All visitors must see this

Member Rating 4 out of 5 by alanmack37 on October 25, 2010

The Spanish Steps is a remarkable staircase of steps which was built in the 18th century for the newly formed Spanish Embassy. I visited the Spanish steps 6 years ago on a hot sunny night. I started at the top and walked down. There is a pretty church at the top, which i only glanced at quickly. There are so many churches in Rome that i tend to stare at the exteriors, rather than the interiors.

Rome, the Spanish steps is situated in the Piazza de Spagna, the heart of the city’s main hotel district. In the seventeenth century, the Spanish ambassador to the Holy See had his headquarters in this square, and the area around it was supposed to be Spanish territory. The Trinita dei Monti church (with a fine view of Rome) was linked to the piazza by a flight of steps, now known as the Spanish steps.

On one side is the Babington’s tea rooms, started in 1896 to cater to homesick British tourists, and a meeting place for writers and poets. It seems only fitting that on the other side of the steps is the Keats-Shelly Memorial house, where Keats lived with the painter Joseph Severn. The memorial and library houses photographs and manuscripts, including handwritten lines of Keats’ poems. One can also see the room where Keats died, though the original furniture was burnt and later replaced by copies.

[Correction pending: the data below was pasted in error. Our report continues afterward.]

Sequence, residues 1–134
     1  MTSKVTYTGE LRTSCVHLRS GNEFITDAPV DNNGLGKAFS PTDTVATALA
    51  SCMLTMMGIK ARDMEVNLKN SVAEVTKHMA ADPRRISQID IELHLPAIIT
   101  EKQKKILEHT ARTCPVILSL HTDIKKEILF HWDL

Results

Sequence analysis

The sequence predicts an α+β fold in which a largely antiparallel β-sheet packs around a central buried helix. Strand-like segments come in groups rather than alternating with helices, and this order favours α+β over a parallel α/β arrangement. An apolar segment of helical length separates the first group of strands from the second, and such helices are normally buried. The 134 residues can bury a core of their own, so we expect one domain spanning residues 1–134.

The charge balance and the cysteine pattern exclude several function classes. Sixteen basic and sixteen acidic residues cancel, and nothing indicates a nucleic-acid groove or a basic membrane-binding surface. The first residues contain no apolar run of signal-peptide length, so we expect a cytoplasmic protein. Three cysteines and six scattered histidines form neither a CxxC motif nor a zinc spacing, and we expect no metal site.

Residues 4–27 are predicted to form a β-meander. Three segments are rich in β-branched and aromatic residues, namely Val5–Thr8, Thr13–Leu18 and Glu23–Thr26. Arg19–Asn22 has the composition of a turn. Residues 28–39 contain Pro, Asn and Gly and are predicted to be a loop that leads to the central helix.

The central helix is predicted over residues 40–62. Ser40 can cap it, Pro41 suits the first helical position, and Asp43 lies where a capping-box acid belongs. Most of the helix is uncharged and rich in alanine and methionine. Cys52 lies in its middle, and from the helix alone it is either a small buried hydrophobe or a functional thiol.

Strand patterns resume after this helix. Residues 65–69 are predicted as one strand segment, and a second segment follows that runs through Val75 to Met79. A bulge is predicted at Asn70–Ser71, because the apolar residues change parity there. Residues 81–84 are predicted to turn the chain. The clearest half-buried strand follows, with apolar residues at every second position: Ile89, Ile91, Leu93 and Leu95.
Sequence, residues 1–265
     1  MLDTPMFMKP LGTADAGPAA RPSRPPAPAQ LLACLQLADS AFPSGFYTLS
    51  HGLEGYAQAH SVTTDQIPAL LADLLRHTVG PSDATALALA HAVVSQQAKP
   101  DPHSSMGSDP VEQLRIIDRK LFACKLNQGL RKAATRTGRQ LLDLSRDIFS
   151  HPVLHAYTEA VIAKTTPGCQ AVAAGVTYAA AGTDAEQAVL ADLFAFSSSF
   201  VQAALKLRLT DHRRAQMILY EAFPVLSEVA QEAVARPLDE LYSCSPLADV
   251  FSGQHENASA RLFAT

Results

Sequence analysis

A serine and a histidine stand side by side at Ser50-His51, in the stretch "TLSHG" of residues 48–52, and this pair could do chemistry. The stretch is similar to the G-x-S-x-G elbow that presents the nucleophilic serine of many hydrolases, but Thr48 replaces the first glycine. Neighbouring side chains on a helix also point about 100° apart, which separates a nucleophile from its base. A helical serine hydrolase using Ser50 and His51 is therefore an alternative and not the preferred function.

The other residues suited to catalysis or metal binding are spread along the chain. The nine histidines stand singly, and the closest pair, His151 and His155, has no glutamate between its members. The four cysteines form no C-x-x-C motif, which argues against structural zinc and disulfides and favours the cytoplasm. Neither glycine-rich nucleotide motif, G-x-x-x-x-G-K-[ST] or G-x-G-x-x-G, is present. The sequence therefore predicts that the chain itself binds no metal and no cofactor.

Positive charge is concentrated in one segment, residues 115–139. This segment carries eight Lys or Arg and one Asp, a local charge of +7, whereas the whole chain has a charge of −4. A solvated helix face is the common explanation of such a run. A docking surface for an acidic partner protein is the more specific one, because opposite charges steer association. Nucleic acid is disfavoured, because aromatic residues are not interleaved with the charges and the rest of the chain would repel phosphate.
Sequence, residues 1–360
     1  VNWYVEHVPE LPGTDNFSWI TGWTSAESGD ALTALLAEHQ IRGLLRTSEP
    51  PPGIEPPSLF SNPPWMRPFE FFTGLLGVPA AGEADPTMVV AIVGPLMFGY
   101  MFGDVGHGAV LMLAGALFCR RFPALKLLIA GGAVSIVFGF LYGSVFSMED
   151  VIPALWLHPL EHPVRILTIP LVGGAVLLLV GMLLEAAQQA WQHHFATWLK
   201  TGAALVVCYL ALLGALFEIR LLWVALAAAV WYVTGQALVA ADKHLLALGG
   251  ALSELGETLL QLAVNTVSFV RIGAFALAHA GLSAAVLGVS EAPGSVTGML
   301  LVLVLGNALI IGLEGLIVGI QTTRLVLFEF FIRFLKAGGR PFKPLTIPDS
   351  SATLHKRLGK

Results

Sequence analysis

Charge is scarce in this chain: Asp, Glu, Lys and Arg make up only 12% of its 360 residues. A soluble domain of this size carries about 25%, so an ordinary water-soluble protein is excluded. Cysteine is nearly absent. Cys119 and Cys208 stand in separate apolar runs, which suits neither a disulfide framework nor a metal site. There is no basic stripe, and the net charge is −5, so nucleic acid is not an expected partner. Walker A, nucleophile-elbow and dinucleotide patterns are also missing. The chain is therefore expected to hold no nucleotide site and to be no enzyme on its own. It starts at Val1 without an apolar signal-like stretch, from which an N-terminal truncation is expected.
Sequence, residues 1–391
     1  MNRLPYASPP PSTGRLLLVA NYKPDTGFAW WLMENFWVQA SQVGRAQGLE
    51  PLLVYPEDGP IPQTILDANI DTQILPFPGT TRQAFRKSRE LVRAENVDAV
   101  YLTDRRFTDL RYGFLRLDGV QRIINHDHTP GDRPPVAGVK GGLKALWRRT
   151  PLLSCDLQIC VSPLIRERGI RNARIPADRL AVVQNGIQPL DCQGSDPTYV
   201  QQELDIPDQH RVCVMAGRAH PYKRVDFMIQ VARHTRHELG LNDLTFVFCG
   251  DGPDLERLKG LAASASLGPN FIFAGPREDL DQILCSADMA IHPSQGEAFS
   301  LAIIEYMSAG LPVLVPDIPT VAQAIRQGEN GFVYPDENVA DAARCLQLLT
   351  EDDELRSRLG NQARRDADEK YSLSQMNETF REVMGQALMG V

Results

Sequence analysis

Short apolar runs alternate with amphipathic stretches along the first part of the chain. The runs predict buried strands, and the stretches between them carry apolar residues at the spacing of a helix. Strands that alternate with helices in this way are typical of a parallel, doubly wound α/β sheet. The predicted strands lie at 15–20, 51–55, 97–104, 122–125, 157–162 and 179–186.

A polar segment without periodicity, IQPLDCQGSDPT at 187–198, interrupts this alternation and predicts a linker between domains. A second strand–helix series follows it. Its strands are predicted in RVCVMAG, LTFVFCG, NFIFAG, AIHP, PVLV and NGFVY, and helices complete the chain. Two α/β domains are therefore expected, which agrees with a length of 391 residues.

At the foot of the steps is a famous baroque fountain, the Fontana della Barcaccia, designed by Gian Lorenzo Bernini or his father Pietro. It resembles a leaking boat; "barcaccia" means "useless old boat". It is decorated with bees and suns, borrowed from the family coat of the Pope who commissioned it.

The Spanish steps overlooks Via Condotti which has the smartest designer clothes shops, and is considered to be one of the best shopping areas in the world.

A stone’s throw away, to the left, is the Colonna dell Immacolataa Roman column supporting a statue of the Virgin Mary.

One piece of advice be alert in this area and watch your wallet. There are pickpockets and predators around. There are flower sellers and people who will try to put a bracelet on you and then follow you around until you give them money. If this happens just throw the bracelet off and say no.

I did a walking tour of this area in summer at night and there were lots of men standing round the steps. I was told that tradition has said that the most handsome of men in Rome stand by the steps. No idea if this is true.

Well recommend a visit

Spanish Steps (Scalinata)
Piazza Di Spagna
Rome, Italy, 00187

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